A Danish translator says she stands by her translation of a Danish far-right politician's column which described a powhiri as "grotesque".
Marie Krarup, a member of the Danish People's Party, was in New Zealand last month as part of a defence delegation, and was welcomed into the navy's Te Taua Moana Marae.
She allegedly wrote in a blog in the Berlingske Tidende, a Copenhagen newspaper, that the powhiri was "less than civilised".
Ms Krarup told TVNZ's Breakfast yesterday her comments in the blog were incorrectly translated.
"I spoke to a New Zealand journalist this morning who speaks both English and Danish and he told me that the reason why people have been so offended is because it has not been correctly translated."
Inger Mortensen, who lives in New Zealand, translated the opinion piece.
She said yesterday she took pride in her translations being accurate.
Ms Mortensen said she was commissioned to work on translation through an agency and through the Danish Society Committee.
She wanted to know who the journalist was that Ms Krarup spoke to and had retranslated her opinion piece. "Which parts did they think were not translated correctly?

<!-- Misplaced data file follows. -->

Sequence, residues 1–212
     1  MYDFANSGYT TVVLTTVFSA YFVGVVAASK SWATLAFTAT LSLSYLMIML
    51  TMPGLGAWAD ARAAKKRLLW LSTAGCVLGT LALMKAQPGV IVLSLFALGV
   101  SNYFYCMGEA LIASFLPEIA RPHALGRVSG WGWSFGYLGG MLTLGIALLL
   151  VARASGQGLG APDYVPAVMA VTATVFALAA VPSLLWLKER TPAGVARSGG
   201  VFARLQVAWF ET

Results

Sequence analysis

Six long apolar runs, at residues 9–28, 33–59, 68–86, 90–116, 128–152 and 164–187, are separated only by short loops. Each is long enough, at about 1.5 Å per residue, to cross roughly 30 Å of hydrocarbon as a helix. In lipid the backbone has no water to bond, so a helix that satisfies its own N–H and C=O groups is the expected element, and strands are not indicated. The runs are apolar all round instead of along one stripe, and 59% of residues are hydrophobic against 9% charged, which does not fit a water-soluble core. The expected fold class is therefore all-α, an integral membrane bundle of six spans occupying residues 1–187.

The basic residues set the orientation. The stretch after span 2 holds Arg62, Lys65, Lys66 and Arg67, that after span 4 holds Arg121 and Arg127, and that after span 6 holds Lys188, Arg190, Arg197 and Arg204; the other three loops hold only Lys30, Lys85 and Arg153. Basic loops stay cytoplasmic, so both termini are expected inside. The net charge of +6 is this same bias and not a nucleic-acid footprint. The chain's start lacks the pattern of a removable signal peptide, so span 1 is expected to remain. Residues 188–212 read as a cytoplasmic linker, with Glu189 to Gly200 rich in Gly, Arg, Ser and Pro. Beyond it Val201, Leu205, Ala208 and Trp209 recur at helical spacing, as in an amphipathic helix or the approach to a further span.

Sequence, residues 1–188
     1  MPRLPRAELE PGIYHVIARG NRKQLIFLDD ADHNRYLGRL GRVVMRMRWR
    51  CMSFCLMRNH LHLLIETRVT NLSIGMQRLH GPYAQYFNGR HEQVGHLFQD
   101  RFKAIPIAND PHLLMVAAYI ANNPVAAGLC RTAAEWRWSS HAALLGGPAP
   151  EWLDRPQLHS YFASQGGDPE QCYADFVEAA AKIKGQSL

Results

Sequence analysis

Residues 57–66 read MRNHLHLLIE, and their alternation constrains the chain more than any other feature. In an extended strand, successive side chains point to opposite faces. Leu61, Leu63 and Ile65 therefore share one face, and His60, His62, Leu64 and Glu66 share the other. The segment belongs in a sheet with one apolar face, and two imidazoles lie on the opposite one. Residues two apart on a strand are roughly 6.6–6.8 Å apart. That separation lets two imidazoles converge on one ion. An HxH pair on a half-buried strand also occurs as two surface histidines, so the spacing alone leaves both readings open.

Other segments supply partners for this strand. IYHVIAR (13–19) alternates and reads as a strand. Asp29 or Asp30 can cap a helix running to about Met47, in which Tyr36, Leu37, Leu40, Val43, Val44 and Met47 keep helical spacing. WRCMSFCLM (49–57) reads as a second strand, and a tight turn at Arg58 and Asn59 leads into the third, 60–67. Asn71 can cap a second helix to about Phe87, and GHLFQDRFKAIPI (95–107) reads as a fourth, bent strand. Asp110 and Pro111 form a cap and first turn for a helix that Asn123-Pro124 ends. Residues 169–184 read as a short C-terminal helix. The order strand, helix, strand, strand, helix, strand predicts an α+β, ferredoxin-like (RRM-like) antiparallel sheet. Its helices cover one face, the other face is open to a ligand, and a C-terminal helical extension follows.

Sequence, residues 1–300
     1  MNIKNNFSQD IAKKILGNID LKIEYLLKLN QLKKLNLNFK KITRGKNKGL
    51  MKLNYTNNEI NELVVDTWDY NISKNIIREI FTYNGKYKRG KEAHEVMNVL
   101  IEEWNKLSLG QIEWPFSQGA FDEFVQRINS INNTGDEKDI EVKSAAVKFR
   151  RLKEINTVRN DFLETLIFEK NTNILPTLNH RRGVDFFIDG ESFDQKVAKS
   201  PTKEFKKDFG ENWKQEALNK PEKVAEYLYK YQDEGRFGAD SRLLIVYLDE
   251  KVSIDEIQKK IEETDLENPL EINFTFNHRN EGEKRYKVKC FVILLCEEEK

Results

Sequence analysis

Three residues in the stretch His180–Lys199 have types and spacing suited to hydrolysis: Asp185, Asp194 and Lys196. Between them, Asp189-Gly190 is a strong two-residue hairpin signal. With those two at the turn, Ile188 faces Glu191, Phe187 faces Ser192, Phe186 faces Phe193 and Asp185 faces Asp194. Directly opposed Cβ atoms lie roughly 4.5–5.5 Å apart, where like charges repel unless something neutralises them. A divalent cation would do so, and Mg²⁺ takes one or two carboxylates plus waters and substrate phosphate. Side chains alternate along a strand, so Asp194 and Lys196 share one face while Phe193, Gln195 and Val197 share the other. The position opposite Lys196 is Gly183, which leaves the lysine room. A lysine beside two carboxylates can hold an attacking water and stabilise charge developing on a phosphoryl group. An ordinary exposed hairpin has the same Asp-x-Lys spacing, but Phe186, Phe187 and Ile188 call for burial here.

"Being Danish and fluent in Danish, it was obvious to me that her blog was highly offensive in Danish and therefore would, of course, also end up being so when translated to English," Ms Mortensen said.
"Every Danish person I have had contact with who has read Krarup's original piece agrees."
Ms Krarup said yesterday that she was sorry New Zealanders had been offended by her comments.
"The first English versions were very offending and I'm sorry about that, but I did not do the translations," she told TVNZ.
Ms Krarup confirmed she had received a briefing about the nature of the powhiri before the ceremony.
She said it was her duty to her voters to write about her experiences in New Zealand. Despite her apology, she still described her experience of the powhiri by using derogatory terms. "If you compare it to Western civilisation, dancing and screaming like the Maori culture dance is kind of grotesque."
When asked why she had apologised and then continued to describe the powhiri as "grotesque", Ms Krarup said: "To me it looked grotesque. It looked very strange with a man who was half-naked and in a grass skirt and who put his tongue out and was screaming. That is strange."
She would not be offended if a New Zealander called a Danish custom grotesque. "If a Maori person visited Denmark I am sure he, or she, would find it completely grotesque."